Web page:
Wine grapes are an important agricultural commodity in the Pacific Northwest where grape powdery mildew (GPM) is one of the main disease problems. The efficacy of different sulfur concentrations and different output volumes from an air blast sprayer retrofitted with the Intelligent Spray System (ISS) were evaluated for the management of GPM. The ISS consists of a LiDAR sensor, Doppler speed sensor, embedded computer, flow controller, and individual pulse-width-modulation solenoid valves at each nozzle. GPM cluster severity ranged from 55% to 75% across all trials in the study when using the ISS at its default spray rate of 62.5 ml m-3 and micronized sulfur at 6 g L-1, which was significantly higher than all other fungicide treatments, but lower than non-treated controls. Similarly, leaf incidence values were highest on non-treated vines, followed by micronized sulfur at 6 g L-1 applied at 62.5 ml m-3 , with all other fungicide treatments being significantly lower in all trials. Using the ISS at the 62.5 ml m-3 rate and a rotation of locally systemic fungicides resulted in the lowest observed GPM leaf incidence, and average cluster severity of 11% in both 2019 and 2020, the lowest cluster severity of all fungicide treatments tested. GPM control using the ISS and micronized sulfur was equivalent to a constant-rate air blast treatment at 6 g L-1 when the spray rate of the ISS was increased to 125ml m-3, or if the concentration of sulfur was increased to 24 g L-1. In those cases, the amount of sulfur applied to vines was at or above the minimum label rate from bloom until the end of the season, or the entire season, respectively. This study has shown that sufficient disease control cannot always be expected when mixing pesticides at the same rate as would be used for a constant-rate sprayer in a variable rate sprayer, especially when using contact fungicides like sulfur . With appropriate adjustments, the variable-rate ISS can be a useful tool to reduce pesticide quantities, water required for mixing, and as a result labor, as fewer trips to refill for a given spray event are required.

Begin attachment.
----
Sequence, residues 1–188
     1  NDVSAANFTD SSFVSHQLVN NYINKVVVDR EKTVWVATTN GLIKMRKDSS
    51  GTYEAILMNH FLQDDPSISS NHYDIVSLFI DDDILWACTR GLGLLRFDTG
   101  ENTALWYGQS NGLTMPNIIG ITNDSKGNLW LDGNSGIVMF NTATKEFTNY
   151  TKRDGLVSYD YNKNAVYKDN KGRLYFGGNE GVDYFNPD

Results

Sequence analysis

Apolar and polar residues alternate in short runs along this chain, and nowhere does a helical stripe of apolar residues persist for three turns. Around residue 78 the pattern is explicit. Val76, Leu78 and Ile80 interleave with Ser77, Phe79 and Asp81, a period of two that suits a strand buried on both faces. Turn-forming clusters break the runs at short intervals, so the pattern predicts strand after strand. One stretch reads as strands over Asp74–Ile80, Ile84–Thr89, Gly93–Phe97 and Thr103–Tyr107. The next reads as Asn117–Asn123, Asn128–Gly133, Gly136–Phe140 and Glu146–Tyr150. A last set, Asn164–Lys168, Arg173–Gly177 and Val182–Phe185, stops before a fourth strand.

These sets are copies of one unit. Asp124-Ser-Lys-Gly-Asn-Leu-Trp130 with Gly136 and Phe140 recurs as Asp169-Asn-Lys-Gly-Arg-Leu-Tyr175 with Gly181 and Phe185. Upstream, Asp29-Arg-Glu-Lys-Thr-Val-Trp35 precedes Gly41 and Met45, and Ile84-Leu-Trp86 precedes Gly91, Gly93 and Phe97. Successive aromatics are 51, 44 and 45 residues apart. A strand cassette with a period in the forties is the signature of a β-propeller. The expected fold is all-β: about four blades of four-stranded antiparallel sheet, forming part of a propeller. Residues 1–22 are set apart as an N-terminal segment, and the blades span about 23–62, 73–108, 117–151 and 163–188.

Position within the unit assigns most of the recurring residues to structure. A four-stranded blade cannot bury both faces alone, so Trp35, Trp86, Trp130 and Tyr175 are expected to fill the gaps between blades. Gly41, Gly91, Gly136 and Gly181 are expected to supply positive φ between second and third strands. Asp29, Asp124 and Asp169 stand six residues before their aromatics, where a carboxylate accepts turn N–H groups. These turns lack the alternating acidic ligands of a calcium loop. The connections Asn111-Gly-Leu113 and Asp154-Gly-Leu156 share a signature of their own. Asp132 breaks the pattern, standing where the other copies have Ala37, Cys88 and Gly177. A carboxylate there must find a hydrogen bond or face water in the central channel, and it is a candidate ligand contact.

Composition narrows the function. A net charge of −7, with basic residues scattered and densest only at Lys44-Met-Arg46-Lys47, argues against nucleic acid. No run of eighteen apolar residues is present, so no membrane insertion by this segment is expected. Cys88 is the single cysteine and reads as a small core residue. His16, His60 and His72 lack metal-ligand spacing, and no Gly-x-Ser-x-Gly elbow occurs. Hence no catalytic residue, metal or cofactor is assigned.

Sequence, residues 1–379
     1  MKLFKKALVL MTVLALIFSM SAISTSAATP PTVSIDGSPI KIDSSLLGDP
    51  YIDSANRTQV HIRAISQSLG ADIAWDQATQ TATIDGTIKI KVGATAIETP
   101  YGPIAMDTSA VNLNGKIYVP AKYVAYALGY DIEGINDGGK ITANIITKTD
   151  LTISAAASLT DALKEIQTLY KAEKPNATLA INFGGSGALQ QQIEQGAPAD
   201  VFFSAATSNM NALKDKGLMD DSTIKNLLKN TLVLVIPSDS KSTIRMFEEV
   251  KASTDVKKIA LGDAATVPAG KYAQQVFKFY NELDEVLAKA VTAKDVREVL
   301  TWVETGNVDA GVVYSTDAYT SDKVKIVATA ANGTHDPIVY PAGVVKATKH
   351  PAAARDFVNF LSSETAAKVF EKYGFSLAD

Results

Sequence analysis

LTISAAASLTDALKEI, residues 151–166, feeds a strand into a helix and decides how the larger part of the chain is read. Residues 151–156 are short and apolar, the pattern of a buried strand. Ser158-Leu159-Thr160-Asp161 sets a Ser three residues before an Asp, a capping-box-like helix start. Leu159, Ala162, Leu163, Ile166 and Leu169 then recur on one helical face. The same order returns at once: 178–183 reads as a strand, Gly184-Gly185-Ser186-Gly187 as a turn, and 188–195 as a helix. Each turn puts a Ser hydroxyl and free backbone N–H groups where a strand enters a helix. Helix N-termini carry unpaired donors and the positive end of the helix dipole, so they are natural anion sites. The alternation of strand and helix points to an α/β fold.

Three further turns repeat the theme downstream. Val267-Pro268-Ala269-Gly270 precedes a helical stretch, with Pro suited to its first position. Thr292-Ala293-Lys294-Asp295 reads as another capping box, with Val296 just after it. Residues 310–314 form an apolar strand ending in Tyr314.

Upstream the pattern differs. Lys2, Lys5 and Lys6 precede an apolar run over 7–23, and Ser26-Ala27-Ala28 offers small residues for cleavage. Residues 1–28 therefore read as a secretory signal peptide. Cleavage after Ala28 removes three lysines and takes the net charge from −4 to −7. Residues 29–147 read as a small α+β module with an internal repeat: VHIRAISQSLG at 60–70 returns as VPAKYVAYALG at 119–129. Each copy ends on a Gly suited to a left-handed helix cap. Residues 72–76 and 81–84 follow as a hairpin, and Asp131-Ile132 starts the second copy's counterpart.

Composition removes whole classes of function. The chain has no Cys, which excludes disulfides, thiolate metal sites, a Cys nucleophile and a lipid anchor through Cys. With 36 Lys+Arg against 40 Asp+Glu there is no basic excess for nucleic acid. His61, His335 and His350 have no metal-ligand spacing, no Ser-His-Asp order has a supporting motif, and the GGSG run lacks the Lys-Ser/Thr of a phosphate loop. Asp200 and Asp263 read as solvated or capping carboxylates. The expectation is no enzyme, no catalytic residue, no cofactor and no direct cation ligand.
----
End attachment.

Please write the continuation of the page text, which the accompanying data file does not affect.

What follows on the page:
The development of resistant mungbean varieties is one of the most efficient strategies to control major diseases such as Cercospora leaf spot (CLS) and powdery mildew (PM). The objectives of this study were to pyramid a CLS resistance gene and two PM resistance genes from the donor parent D2 into a susceptible variety KING through marker-assisted backcrossing (MABC) and to evaluate their agronomic traits and disease resistance under field conditions. Five markers linked to the resistance genes were used for foreground selection, while two marker sets [Set A containing 15 polymorphic simple sequence repeat (SSR) and expressed sequence tag-SSR (EST-SSR) markers and Set B containing 34 polymorphic inter-simple sequence repeat (ISSR) loci] were also used for background selection. Two pyramided backcross (BC) lines, namely H3 and H4, were homozygous at all five marker loci when confirmed in BC4F4 and BC4F5 generations. Their recurrent parent genome (RPG) recovery ranged from 96.4 to 100.0%, depending on the marker sets. During field evaluation, a moderate to high level of CLS and PM resistance was observed in both BC lines compared to the susceptible recurrent parent KING. One of these BC lines (H3) had all agronomic traits similar or superior to the recurrent parent KING at all environments, and had a higher yield than KING (18.0–32.0%) under CLS and PM outbreaks. This line can be developed into a new resistant mungbean variety in Thailand in the future. These results substantiate the usefulness of MABC for transferring multiple resistance genes into an elite variety.